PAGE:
Environment Variables in ElectronJS

ElectronJS is an Open Source Framework used for building Cross-Platform native desktop applications using web technologies such as HTML, CSS, and JavaScript which are capable of running on Windows, macOS, and Linux operating systems. It combines the Chromium engine and NodeJS into a Single Runtime. 

We have already discussed Command Line Arguments in ElectronJS. Command-line arguments are important because they can be used to control the behaviour of the application. We can pass Command-line arguments to Electron from outside the application while launching or we can simply hard code these values within the application. Environment Variables in Electron also control the application configuration and behaviour without changing the code. Some specific behaviours in Electron are controlled by environment variables rather than command-line arguments because they are initialized earlier than the command-line flags and the application’s main function code. In this tutorial, we will look at the different environment variables used by Electron and their respective classifications. 

We assume that you are familiar with the prerequisites as covered in the above-mentioned link. For Electron to work, node and npm need to be pre-installed in the system. 

As mentioned above, in case we are hardcoding command-line flags within the application, we need to import the CommandLine Property of the app Module, but we don’t need any additional code changes for setting environment variables in Electron. However, Since Electron also supports the global process object, we can set the environment variables via code as well. For example:


For more details on the process object, follow Process Object in ElectronJS. There are two main kinds of Environment Variables provided by Electron: 

  • Development variables
  • Production variables

Development Environment Variables as the name suggests, are intended primarily for development and debugging purposes within the application. 

  • ELECTRON_ENABLE_LOGGING: This environment variable is set to true, Prints Chromium’s internal logging to the console of the application.
  • ELECTRON_LOG_ASAR_READS: When Electron reads from an ASAR file, if this environment variable is set to true, logs the read offset and filepath to the system tmpdir. The resulting file can be provided to the ASAR module to optimize file ordering which improves the performance of the Electron application and reduces the load on the system resources. An ASAR archive is a simple tar-like format that concatenates files into a single file. The electron can read arbitrary files from it without unpacking the whole file. This environment variable was introduced in the later versions of Electron.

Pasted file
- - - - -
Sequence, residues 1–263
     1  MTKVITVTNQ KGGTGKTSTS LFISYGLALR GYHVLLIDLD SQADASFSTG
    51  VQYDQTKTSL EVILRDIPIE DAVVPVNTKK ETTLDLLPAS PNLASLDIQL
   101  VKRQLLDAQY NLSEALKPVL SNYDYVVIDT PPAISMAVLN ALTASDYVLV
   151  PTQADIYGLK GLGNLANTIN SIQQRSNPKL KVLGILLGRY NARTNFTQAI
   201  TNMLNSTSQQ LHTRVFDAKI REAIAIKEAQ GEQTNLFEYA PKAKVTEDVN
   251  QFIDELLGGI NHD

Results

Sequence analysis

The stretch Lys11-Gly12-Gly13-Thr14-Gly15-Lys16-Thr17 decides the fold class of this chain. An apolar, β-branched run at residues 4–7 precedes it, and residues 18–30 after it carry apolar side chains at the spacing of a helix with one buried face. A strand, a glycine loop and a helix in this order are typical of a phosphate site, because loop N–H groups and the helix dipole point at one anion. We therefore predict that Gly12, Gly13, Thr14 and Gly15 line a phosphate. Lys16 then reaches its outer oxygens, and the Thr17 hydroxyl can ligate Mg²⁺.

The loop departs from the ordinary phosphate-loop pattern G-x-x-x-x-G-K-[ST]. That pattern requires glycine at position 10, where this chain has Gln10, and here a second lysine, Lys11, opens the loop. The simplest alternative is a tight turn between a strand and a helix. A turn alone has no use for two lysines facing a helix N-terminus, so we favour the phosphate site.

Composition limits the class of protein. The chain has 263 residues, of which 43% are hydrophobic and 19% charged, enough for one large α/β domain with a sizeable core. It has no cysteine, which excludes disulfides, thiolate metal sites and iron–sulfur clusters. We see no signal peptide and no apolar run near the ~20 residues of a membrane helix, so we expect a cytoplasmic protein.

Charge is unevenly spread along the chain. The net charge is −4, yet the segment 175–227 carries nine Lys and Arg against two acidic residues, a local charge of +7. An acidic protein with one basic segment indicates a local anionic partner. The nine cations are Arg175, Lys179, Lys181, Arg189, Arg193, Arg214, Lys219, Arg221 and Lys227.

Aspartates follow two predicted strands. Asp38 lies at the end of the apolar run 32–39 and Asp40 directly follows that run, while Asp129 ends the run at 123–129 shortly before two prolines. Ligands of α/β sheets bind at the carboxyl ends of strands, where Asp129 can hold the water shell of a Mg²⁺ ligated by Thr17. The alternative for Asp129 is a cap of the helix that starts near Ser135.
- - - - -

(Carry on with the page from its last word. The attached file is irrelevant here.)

• ELECTRON_ENABLE_STACK_DUMPING: This environment variable is set to true, then prints the error stack trace to the console when the Electron application crashes. This environment variable will not work if the crashReporter is started. crashReporter module in Electron is responsible for submitting crash reports to a remote server. For more details on the crashReporter module.
  • ELECTRON_DEFAULT_ERROR_MODE: This environment variable is only supported in the Windows Operating Sytem. This environment variable is set to true, shows the Windows’s OS crash dialog when the Electron application crashes. Just like ELECTRON_ENABLE_STACK_DUMPING, this environment variable will not work if the crashReporter is started.
  • ELECTRON_OVERRIDE_DIST_PATH: When running the application from a packaged file in the development environment, this environment variable tells Electron to use the specified build of Electron instead of the one downloaded by npm install. This environment variable takes in a String filepath, where the specific build of Electron is stored on the native System. This is especially useful when we have made our own changes to the source code of the original downloaded Electron package.

Production Environment Variables as the name suggests, are intended primarily for use at runtime in a packaged Electron applications. These Environment variables are especially useful when deploying the packaged Electron application to a different server in a production environment.